Dance About Architecture Like Nobody's Watching

I don’t read music reviews anymore. It’s not because I think the state of music criticism has declined or any straw man polemic thing like that. It’s just that other people’s “objective” description of songs and albums no longer interest me. I’m sure a lot of them are well written, full of expert observations and deep, encyclopedic references. I just don’t care about them anymore.

I used to care when I was a teenager with limited sources of money. And by “limited,” I mean around 300 bucks per week. Money was also the only way to acquire music back then, which meant albums were nearly plutonium-level scarce. My allowance was enough for one cassette tape purchase per week (which cost 80 pesos during the early 90s, and 100 pesos during the mid-to-late 90s), or at times two tapes, if my threshold for hunger somehow exceeded the norm. There was very little room for error. I couldn’t just give 4 Non Blondes a whirl via torrent and delete it after 5 songs of awfulness – I was stuck with that tape and the grief of losing 80 precious bucks forever.

That is why music reviews mattered. It mattered because 15-year-olds like me couldn’t afford to blow money on dust-accumulating paper weight (my only source of music reviews then was the fanzine-cum-song-hits Rock ‘N Rhythm, which covered anything from Def Leppard to Shelleyan Orphan, and was right about 64% of the time). It mattered because music actually cost money – real money that was finite and therefore had to be budgeted wisely.

Music criticism has always been, to varying degrees, an act of self-indulgence. But in the pre-internet era, it also had a practical purpose, serving as a consumer guide for people who had limited means of buying music. Now that functionality is gone. I concede that there may still be people out there who (a) always pay for music and never use streaming services and (b) who still read reviews to determine which albums to buy. But I doubt that the existence of these people is what motivates today’s music critics. I also don’t think critics today seriously believe that they can somehow influence an artist’s work, that if they call Slow Club’s new record “hammy,” the group would consciously try for more restraint on the next one. I would like to believe that the best critics (or at least the most self-respecting ones) expect the best musicians to not care about what they write.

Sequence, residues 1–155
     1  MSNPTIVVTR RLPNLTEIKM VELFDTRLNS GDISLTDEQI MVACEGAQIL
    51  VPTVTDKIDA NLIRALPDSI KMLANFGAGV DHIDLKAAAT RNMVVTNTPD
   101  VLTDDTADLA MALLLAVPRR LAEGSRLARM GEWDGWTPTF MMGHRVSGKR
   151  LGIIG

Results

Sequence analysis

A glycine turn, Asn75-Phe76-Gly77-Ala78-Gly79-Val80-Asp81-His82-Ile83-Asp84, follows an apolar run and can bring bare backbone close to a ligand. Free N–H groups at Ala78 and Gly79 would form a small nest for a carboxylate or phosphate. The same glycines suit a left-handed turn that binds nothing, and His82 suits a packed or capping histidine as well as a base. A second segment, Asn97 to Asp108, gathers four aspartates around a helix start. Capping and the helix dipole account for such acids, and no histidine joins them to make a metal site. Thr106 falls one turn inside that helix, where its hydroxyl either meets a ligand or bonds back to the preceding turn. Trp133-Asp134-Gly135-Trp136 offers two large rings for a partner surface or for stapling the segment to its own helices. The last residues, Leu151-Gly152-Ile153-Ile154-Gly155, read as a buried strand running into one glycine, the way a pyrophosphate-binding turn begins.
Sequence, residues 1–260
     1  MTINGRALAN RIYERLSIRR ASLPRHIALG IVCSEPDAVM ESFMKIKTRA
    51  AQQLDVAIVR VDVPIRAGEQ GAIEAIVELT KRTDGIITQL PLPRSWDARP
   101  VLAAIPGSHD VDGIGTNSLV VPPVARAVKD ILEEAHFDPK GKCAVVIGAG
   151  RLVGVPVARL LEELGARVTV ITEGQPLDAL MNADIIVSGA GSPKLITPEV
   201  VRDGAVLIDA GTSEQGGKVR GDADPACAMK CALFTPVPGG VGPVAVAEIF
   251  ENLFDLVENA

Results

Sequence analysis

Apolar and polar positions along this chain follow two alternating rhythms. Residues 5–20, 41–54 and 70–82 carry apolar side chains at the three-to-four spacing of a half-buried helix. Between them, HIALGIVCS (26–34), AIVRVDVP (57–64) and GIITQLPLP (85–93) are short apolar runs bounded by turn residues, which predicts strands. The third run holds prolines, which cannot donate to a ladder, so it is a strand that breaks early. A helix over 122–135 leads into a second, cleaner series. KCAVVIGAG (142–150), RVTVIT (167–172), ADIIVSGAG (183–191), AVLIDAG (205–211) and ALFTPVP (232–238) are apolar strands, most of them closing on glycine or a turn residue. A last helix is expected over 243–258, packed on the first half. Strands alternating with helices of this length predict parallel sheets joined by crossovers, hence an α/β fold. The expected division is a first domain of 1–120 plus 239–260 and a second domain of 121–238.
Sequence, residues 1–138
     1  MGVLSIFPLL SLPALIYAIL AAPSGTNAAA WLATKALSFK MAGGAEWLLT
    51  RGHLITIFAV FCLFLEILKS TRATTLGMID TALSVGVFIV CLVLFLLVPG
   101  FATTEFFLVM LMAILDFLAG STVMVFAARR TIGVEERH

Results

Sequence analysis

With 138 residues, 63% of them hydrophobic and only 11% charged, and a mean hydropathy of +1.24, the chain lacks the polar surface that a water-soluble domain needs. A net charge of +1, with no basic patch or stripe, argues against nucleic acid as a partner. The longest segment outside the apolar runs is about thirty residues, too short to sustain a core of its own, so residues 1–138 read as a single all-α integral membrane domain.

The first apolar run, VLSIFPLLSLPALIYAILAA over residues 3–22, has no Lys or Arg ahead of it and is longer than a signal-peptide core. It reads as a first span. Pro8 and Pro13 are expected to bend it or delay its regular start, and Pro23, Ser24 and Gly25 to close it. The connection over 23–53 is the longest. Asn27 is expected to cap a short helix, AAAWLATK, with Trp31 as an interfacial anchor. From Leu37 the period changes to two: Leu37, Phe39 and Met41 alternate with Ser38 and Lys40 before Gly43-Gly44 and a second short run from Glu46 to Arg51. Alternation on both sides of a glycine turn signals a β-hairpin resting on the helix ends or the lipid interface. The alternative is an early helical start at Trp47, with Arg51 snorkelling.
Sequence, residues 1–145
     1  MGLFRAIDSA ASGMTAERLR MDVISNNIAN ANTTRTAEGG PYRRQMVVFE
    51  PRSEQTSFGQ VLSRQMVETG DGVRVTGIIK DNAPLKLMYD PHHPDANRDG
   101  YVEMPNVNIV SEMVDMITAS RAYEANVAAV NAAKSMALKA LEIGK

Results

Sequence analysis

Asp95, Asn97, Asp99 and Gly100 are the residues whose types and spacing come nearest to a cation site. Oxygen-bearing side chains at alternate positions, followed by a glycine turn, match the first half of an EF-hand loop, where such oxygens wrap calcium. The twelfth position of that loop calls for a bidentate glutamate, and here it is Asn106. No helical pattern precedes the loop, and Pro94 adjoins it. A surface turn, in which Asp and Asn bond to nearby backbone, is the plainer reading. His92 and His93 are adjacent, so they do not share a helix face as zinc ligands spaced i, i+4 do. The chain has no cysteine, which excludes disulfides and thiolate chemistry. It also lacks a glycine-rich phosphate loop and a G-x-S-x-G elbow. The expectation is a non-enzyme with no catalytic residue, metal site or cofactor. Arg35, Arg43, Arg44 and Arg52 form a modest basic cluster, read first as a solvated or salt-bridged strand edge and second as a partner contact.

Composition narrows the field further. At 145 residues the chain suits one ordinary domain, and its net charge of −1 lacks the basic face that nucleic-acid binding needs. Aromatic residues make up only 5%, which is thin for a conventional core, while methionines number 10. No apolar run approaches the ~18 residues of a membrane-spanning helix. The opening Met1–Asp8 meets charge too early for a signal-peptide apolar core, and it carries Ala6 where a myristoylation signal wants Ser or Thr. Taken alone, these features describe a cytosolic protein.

All we are left with then is self-indulgence. It’s the sole reason why music criticism exists today. People write music reviews not because they want to guide the ever-dwindling percentage of people who lack free or cheap access to music – they write them so they could describe the music better than anyone else can. It’s now become some sort of a sport. People actually read reviews now just to see if a writer agrees with them or not. The entire generation of people who came of age with the Internet already in full-access mode experience music criticism exclusively this way. They don’t need reviews to guide them – they just need someone to agree or disagree with. They need to stay afloat on a sea of opinions.

In and of itself, self-indulgence isn’t wrong. I don’t find music reviews uninteresting because they’re self-indulgent – I find them uninteresting because they’re not self-indulgent enough.